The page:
Researcher: Health impact studies under way
June 26, 2014
PARACHUTE — Many studies are under way to help assess health effects of natural gas drilling, but a great deal of critical information simply remains unknown, a researcher with the University of Colorado Denver School of Public Health told a standing-room-only forum Wednesday at the Parachute library.
While research has shown a range of negative health effects, from nosebleeds to slightly elevated cancer risks to “psychosocial stress” from reduced quality of life, significant details are missing, Lisa McKenzie said. McKenzie was the lead researcher on the Battlement Mesa Health Impact Assessment that was defunded by Garfield County commissioners in 2011.
She has continued research on public health concerns related to natural gas extraction, and told the 75 to 80 people at the “Oil and Gas Impacts on Human Health” forum that Garfield County was a national leader in monitoring air quality in gas-producing areas.
But overall data is insufficient to target precise solutions, she indicated.
“We’ve taken measurements of air quality, but we still don’t have those measurements of what individuals are exposed to,” she said. “Without that, we don’t really know if oil and gas development is the source of the exposures or if it’s something else. And if it’s oil and gas, what activities are the significant ones we should be paying attention to?
“We really don’t know what the distance a home or a school should be from an oil and gas operation to minimize health impacts,“ she added.
The forum, presented by the Grand Valley Citizens Alliance and Battlement Concerned Citizens, drew a crowd mostly of residents concerned about exposure, along with several defenders of gas development.
Citizens alliance chairwoman Leslie Robinson said the sponsoring groups seek balance in the polarized debate, and hope for additional protections for residents, including increased distances required between drilling sites and homes.
Robinson also said the group hopes McKenzie’s Health Impact Assessment can be completed.
If that is to occur, McKenzie said, the study would need to be redesigned to reflect changes since it was suspended.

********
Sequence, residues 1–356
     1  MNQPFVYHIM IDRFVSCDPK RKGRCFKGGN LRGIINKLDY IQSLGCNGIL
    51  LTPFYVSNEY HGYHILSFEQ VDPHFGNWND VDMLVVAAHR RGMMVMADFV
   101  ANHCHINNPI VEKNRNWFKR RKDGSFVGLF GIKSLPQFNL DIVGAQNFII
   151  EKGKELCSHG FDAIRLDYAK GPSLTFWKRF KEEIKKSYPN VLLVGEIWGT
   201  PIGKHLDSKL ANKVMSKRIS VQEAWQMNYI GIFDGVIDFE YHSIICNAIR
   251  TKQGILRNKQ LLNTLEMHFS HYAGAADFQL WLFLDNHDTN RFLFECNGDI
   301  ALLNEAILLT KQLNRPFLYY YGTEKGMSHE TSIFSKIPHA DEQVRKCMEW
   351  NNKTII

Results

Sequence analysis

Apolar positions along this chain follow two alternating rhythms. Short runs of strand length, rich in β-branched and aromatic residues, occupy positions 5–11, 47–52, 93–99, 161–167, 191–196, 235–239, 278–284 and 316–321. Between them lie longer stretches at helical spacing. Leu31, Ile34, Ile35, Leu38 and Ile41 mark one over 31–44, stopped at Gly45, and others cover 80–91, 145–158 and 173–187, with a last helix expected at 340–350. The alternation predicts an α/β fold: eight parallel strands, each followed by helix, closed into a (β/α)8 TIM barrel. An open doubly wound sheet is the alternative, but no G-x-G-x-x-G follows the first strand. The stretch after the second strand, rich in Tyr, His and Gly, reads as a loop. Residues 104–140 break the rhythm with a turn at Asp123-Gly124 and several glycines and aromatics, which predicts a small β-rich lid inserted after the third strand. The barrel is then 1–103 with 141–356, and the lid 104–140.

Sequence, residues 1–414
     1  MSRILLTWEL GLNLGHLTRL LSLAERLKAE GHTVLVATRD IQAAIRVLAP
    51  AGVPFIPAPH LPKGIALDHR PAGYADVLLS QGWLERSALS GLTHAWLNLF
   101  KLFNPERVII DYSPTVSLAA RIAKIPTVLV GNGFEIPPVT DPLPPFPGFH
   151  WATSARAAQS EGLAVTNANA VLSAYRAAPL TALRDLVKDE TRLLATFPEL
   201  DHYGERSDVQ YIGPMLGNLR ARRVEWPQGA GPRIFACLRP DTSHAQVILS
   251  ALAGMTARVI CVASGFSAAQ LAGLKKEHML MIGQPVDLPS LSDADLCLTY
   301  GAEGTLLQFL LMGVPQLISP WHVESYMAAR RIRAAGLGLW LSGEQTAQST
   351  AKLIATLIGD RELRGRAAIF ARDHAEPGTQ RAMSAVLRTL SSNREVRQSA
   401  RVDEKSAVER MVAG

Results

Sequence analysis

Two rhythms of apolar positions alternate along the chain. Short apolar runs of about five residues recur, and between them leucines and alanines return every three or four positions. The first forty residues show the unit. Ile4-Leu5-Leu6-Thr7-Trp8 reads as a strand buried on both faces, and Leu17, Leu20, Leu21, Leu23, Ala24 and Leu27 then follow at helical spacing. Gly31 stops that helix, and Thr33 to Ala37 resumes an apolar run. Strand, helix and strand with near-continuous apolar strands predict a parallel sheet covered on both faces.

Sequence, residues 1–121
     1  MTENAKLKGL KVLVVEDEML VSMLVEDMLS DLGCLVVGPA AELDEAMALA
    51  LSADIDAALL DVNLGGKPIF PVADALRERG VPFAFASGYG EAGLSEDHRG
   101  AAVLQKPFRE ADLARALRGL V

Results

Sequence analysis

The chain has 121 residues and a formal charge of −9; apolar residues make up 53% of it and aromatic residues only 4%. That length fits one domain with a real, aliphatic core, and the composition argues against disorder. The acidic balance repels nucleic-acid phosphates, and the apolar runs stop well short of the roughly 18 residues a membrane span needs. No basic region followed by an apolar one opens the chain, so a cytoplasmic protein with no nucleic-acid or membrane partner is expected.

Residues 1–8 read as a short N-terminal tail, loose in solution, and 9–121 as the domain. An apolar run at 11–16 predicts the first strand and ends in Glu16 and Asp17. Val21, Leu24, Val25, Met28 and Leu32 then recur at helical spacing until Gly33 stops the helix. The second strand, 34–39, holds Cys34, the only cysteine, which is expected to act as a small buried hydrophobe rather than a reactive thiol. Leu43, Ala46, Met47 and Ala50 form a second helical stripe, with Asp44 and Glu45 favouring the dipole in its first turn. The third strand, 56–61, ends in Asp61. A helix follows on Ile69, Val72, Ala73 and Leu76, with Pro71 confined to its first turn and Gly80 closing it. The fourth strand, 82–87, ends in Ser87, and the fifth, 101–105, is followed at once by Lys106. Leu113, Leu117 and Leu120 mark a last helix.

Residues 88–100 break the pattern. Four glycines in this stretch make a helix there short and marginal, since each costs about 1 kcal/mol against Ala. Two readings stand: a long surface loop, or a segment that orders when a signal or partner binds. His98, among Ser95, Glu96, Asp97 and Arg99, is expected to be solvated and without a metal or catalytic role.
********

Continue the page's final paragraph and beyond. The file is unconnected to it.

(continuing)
State regulations have changed, including new air quality standards, and the oil and gas operator in the area has changed since Antero Resources, which had proposed to drill within the Battlement Mesa residential area, sold its Piceance Basin assets to Ursa Resources Group.
More data will also soon be available from other studies, including a Colorado State University air quality study that is being partially financed by gas developers and Garfield County.
If the Battlement Mesa study is reopened, McKenzie said, it should include a health registry for residents of the area and an external scientific advisory panel, perhaps of experts from outside Colorado.
Also appearing at the forum was Dr. John Hughes, of Aspen Integrative Medicine, who is part of an emerging study of volatile organic compounds associated with gas emissions, and their potential impact on human health.
Hughes said he began studying why some of his patients were sick and he couldn’t make them get better. He did a study of 21 patients, 11 in Erie, a gas extraction area on the edge of Weld County, and a group in Carbondale. Blood tests found elevated levels of the toxin ethylbenzene in 10 of the 11 people in Erie and no abnormal exposure in Carbondale, which is not near significant gas development.
“If you guys had somebody walking around your village here around Mesa or Parachute and he was hitting people in the nose and giving them nosebleeds, what would you do?” Hughes asked.
Taunting Gov. John Hickenlooper as “Frackenlooper,” Hughes said government isn’t protecting people, and residents may have to sue the industry to get results. He also riled some of the crowd by suggesting that the best solution to escape harmful effects of extraction would be to move.
Robert and Stella Ramos of Spring Creek, who got “good money” from gas operations until prices dropped with the nationwide fracking boom, said they couldn’t sell their land.
“I’d move anyplace but around here” if the property would sell, Stella Ramos said after the forum.
Hughes discussed his tests on the Tibbetts family of Silt. Family members had elevated levels of ethylbenzene and other toxins in their blood, that he said was because they were “getting exposed from natural gas.”
Asked if that association could be made from Hughes’ data, McKenzie said no.
“I wouldn’t be able to attribute it to the gas wells,” she said. “I would say there could be an association … but these same VOCs come from other sources so at this point a study would need to be done to make that link.”
Hughes said his “wasn’t meant to be a super-validated study.”
His rhetoric, which he later said was intentionally provocative to spur action, drew backlash from David Ludlam, executive director of the Colorado Oil and Gas Association’s West Slope Chapter. Ludlam cited the industry’s support, with local governments, for the CSU study as a proactive step responsive to concerns.
“I thought the humor and the hyperbole and some of the things in your presentation make those conversations difficult for us to have,” Ludlam told Hughes. “In some ways they’re disparaging. … It’s distracting to the overall constructive conversation that we have to have.”
Hughes responded that, “It needs to be cleaned up. You almost have to take it to the extreme in seeing how detrimental it could be in order to be motivated.”